I was able to get a phone conversation with the tenant in my trailer, and she said they are waiting on getting a tax refund check in, that was supposed to be in last Friday. I am fully aware of how people will lie and deceitfully use others to get what they want, but I am going to hold off on the first notice letter until tomorrow, as they said that the money should be there today. We will find out…

Regarding the single mother in the 2 bedroom, 1 bath house, I guess I am just going to have to submit notice to them. I am no longer able to reach them by telephone (I guess they had their number disconnected) and I have driven by a couple of times, and there has been no one home. I really hate the concept of eviction notices, but I guess it is a part of being a landlord.

But as a word of encouragement to all the other real estate investors out there, keep your head up during these times. At the very least, I will be able to keep the deposit on the house, and the location of it merits a quick turnaround, so maybe I can get someone in there pretty soon.

Till next time…Sign up for my RSS feed, and get the latest updates automatically through a medium of your choice.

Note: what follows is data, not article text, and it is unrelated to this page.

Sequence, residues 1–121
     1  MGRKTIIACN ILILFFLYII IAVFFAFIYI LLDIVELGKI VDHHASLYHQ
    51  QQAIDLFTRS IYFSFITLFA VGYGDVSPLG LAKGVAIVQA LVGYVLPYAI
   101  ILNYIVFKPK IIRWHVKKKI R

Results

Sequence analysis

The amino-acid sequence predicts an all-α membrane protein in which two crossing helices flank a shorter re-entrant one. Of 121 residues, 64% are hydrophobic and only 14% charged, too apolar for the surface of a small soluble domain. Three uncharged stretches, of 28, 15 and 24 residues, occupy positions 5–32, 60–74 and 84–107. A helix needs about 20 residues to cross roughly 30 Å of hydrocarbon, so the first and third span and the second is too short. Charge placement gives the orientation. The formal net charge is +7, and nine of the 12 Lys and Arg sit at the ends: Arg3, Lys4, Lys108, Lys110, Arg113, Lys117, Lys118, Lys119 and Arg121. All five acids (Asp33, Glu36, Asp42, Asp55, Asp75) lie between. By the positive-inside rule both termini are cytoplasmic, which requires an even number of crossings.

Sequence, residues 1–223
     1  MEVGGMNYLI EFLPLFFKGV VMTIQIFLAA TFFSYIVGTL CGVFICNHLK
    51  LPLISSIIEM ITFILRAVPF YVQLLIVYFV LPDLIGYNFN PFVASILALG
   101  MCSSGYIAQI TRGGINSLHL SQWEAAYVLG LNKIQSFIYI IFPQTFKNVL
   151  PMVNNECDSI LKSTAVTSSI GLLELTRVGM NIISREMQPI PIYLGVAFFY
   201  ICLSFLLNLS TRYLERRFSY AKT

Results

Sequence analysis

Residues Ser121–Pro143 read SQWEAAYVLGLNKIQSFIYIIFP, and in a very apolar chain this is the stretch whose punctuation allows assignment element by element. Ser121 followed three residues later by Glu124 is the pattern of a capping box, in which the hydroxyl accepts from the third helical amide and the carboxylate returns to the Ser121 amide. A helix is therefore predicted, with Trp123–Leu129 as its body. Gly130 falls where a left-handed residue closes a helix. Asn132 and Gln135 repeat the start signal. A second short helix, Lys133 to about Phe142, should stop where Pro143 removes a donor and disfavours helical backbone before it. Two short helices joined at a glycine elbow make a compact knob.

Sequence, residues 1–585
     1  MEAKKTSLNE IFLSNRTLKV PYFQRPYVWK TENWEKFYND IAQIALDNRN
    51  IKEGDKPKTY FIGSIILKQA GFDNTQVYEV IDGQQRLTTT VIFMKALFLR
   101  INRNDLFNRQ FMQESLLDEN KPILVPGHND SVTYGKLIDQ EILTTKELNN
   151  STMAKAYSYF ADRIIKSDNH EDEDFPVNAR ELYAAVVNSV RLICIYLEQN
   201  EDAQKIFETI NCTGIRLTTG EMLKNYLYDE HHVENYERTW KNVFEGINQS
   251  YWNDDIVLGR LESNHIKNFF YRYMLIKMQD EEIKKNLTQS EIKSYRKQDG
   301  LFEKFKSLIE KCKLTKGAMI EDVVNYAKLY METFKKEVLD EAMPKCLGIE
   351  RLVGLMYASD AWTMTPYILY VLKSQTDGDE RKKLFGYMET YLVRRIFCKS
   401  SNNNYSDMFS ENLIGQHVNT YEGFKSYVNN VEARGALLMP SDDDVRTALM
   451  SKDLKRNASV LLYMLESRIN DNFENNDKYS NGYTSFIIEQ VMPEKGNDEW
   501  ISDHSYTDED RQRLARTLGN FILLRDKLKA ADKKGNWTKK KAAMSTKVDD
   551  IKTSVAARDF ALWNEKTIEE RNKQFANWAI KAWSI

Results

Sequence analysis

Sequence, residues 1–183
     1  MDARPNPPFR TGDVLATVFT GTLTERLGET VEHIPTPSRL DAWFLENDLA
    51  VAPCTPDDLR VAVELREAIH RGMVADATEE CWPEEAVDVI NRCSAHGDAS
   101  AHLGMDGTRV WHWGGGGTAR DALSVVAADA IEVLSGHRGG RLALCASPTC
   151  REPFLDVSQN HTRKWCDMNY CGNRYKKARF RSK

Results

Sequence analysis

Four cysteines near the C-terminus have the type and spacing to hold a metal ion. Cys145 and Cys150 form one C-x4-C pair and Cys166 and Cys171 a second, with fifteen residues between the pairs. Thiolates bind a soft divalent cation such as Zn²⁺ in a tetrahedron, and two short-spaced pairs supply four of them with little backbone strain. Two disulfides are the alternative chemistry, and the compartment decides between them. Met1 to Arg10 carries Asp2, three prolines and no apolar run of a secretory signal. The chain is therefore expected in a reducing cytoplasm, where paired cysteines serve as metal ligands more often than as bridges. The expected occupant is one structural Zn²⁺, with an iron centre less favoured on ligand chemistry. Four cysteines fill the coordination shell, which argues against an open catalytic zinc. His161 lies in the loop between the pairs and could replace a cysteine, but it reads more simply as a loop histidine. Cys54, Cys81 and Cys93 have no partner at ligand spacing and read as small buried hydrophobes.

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An Alternative Budgeting Method

Budgeting No Comments »

For some folks out there, budgeting on a “month cost” method just doesn’t work for them. They have enough money coming in from their job to be able to afford the fast food, movies, and other entertainment that will just kill your budget. They don’t really have the concept of staying on budget, and sticking to what they had planned to spend. There is one such lady in our Church that I talked with a few days ago regarding just such a situation.

In this case, she is a single mother, two kids, and works as a nurse for a local hospital. She makes good money, and is able to afford the little things like going out to eat a lot, getting drinks at the gas station all the time; little things that will just destroy a budget. She wants to do better with her budget, and has tried at one point to chart all of their expenses, and got depressed when she noticed what she was spending.

For her, sticking to a monthly budget would be hard. She identified their main problem though - going out to eat at fast food places too much. This is a problem for a lot of people out there, but with a little discipline, it can be overcome. Since she has trouble maintaining a monthly budget, I offered this solution to her: